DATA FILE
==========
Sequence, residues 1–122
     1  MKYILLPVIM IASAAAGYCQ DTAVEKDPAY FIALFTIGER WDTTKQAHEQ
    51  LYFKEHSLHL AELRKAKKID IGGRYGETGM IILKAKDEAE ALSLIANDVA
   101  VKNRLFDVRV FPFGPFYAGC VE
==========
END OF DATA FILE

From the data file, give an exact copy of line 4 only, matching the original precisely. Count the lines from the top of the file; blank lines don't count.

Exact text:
   101  VKNRLFDVRV FPFGPFYAGC VE